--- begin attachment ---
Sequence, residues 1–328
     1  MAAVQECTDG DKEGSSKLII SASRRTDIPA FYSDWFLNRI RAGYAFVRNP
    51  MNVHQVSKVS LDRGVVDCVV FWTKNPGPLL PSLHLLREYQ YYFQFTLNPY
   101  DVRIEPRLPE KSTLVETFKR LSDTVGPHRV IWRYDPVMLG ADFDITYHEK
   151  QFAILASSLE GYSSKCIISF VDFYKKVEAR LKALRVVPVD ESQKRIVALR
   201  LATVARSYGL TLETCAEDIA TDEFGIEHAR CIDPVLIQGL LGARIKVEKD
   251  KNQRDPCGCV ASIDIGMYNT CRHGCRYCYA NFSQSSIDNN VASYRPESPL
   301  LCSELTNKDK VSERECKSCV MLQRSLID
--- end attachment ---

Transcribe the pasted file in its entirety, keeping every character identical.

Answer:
Sequence, residues 1–328
     1  MAAVQECTDG DKEGSSKLII SASRRTDIPA FYSDWFLNRI RAGYAFVRNP
    51  MNVHQVSKVS LDRGVVDCVV FWTKNPGPLL PSLHLLREYQ YYFQFTLNPY
   101  DVRIEPRLPE KSTLVETFKR LSDTVGPHRV IWRYDPVMLG ADFDITYHEK
   151  QFAILASSLE GYSSKCIISF VDFYKKVEAR LKALRVVPVD ESQKRIVALR
   201  LATVARSYGL TLETCAEDIA TDEFGIEHAR CIDPVLIQGL LGARIKVEKD
   251  KNQRDPCGCV ASIDIGMYNT CRHGCRYCYA NFSQSSIDNN VASYRPESPL
   301  LCSELTNKDK VSERECKSCV MLQRSLID